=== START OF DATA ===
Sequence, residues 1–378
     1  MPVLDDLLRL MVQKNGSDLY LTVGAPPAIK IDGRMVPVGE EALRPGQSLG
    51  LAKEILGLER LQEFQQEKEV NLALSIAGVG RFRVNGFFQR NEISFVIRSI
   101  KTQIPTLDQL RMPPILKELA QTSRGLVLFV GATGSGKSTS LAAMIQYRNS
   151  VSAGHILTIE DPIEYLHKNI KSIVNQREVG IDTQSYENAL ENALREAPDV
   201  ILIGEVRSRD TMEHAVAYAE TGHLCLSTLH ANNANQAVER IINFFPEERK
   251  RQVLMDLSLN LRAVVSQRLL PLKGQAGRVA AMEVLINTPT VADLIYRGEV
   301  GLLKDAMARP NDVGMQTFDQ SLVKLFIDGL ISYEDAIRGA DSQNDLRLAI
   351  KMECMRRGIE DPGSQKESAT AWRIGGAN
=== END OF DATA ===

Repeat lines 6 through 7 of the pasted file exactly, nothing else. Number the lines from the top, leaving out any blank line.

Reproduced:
   201  ILIGEVRSRD TMEHAVAYAE TGHLCLSTLH ANNANQAVER IINFFPEERK
   251  RQVLMDLSLN LRAVVSQRLL PLKGQAGRVA AMEVLINTPT VADLIYRGEV